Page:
Camera Care: What To Do When Your Camera Gets Wet
Camera Care: What To Do When Your Camera Gets Wet
Water and cameras don’t mix well at all. Whether it’s drops of rain, humidity or you’ve gone and dropped your camera in the water by mistake, a wet camera is not ideal.
I’ve written about underwater photography before which is a whole other topic as waterproof cameras and housings are built to manage in wet conditions. But what about regular cameras that end up in the water?
Firstly, don’t panic. Depending on your camera, most will have a certain level of waterproofing, or at least an outer barrier that will protect them somewhat from the elements.
If your camera gets wet there are a few steps you can take to minimise damage and hopefully, your camera will be clicking away like normal in no time or fingers crossed you have travel insurance.
The list below isn’t a guarantee all will be well and the outcome will depend on how wet or waterproof your camera is, but if you’re not near a camera repair shop give these a go.
1. Switch Off Your Camera
If your camera has fallen into the water while operating, the first thing you need to do is turn it off immediately. Keeping your camera on will only do more damage as it can cause failures in the electronics.
2. Remove Your Memory Card + Batteries
Luckily you’ll find most memory cards are weather resistant, even when it comes to a complete soaking in water. That said, these should be the first things you remove to ensure you don’t loose any data from images you’ve taken. Removing the batteries is essential too, take them out and leave them somewhere with good ventilation to dry out.
3. Remove Your Lens
Take the lens off only if there’s no water lining the seal where it connects to the camera. Dab the area before removing to ensure no water leaks into your sensor and then replace it with the cap to seal it off again so the sensor isn’t left open and vulnerable.
Be sure to clean the lens as quickly as possible to avoid any further damage, especially if it’s fallen into salt water. Always dab when cleaning your lens to ensure it’s gentle and won’t scratch or put pressure onto the elements.
4. Check For Water
While this might seem like the first and most obvious step, always perform the other steps first to minimise damage to your equipment and data. Once complete you can begin to check for any water around the camera. If water has found itself inside your camera (in the battery or memory card areas), use a small cloth to gentle dab the inside and soak some up. Be sure not to venture too far into the camera as you could end up pushing water droplets further inside. If in doubt, don’t touch it and perform step six instead.
5. Rinse Your Camera
This step may sound a little silly but if you have dropped your camera into salt water, rinsing off the salt is essential to avoid rust or corrosion. Obviously, you need to be very careful when doing this so create a controlled environment by filling a large bowl with fresh water. Dip your camera in the water for no more than 5 seconds and then place on a towel and pat dry immediately. An alternate method is to wet a cloth and wipe it over the camera to lift off any salty residue.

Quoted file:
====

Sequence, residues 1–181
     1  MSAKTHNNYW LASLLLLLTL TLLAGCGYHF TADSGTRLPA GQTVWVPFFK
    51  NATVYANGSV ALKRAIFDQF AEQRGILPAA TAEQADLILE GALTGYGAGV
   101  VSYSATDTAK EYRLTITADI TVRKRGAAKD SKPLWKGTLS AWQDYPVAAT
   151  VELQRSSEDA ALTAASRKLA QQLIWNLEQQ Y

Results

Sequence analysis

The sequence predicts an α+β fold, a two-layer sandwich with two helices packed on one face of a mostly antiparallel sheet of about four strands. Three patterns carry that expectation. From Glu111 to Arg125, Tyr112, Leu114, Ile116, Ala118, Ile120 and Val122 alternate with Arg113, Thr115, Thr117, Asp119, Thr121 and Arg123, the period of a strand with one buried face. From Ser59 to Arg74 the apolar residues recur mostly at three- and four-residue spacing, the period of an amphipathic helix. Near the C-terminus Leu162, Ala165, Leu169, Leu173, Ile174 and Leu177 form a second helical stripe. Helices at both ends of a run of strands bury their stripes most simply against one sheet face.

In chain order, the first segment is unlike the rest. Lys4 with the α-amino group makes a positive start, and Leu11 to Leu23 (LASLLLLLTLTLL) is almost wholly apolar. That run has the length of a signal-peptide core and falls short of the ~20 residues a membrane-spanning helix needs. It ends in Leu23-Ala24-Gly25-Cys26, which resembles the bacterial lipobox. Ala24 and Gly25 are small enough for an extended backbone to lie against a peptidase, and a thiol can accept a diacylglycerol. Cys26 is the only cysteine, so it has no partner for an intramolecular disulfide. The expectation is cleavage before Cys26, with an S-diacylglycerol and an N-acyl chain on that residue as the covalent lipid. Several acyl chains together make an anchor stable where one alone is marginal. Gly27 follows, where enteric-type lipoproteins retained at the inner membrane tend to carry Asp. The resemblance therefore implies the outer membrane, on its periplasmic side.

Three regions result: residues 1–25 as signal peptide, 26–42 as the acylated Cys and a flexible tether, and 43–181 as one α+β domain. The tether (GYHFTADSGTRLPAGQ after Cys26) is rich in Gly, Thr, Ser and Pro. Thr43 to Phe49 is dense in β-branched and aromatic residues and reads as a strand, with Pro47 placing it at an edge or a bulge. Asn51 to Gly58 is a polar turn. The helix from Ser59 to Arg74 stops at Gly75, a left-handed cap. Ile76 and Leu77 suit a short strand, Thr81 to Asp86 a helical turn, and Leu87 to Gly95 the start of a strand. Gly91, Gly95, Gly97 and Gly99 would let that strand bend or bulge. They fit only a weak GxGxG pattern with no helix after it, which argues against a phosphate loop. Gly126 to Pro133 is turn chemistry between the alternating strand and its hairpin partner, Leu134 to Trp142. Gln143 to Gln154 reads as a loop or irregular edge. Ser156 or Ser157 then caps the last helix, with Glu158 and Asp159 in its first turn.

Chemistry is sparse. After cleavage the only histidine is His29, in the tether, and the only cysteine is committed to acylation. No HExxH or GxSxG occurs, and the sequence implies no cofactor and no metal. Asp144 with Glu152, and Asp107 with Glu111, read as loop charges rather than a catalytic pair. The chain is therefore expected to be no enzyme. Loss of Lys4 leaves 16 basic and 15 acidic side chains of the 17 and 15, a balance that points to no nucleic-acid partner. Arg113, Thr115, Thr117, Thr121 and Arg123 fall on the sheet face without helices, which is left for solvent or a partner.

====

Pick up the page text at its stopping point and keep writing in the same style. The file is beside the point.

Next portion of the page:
6. Dry In Rice
The good old rice method will help you soak up as much water as possible. Open your camera’s battery compartment door but ensure the sensor remains covered so rice can’t get lost inside!
Place your camera in a sealed bag of rice and let it rest for a few days depending on how wet it was. To be safe you’re probably best leaving it for up to a week! Keep the bag in a warm, dry place to ensure the rice can work its magic.
7. Camera Repair Shop
If you’re afraid to touch the camera, simply ensure the camera is turned off, the memory card and batteries are out and then take it immediately to a local repair store. Speed is the key factor here, the faster you can get it seen to, the better chance you have of it working again.
The weatherproof ability of cameras differs between brands and models. Most expensive DSLR’s will have a certain level of protection against the elements so things like rain or water splashes won’t do too much damage and you’ll find they continue to work through the conditions.
Cheaper cameras however won’t hold up to water damage and will need to be dried off and seen to straight away. If you suspect water has entered the camera, take it to a professional to look over and they can decide if it’s worth fixing or buying a new camera.
If you’re travelling with your camera when water damage occurs and have travel insurance, be sure to contact them to make a claim or check if the accident is covered. When travelling abroad I highly recommend purchasing insurance for incidents like this that can ruin your trip (especially if you’re a photo lover like me!). Be sure to check your coverage includes personal items and if your camera equipment is valuable, you can enter the cover amount required per item for piece of mind.
Check www.scti.com.au for a travel insurance quote on your next trip.
Also if you have a camera that’s under warranty or has a guarantee attached to the purchase, be sure to contact your manufacturer for assistance. Nikon, Canon, Panasonic, Sony, Leica and most camera brands will have a contact available in each country or international numbers should you wish to call the office in your home country.
*This guide is not a guarantee and I take no responsibility should your camera fail to work again or be damaged whilst performing the steps above. Please seek professional assistance if you aren’t comfortable cleaning your camera as all cases will differ depending on the extend of water damage.
With 10+yrs experience as a professional travel and landscape photographer, all advice found on this site is from my personal experience on the road.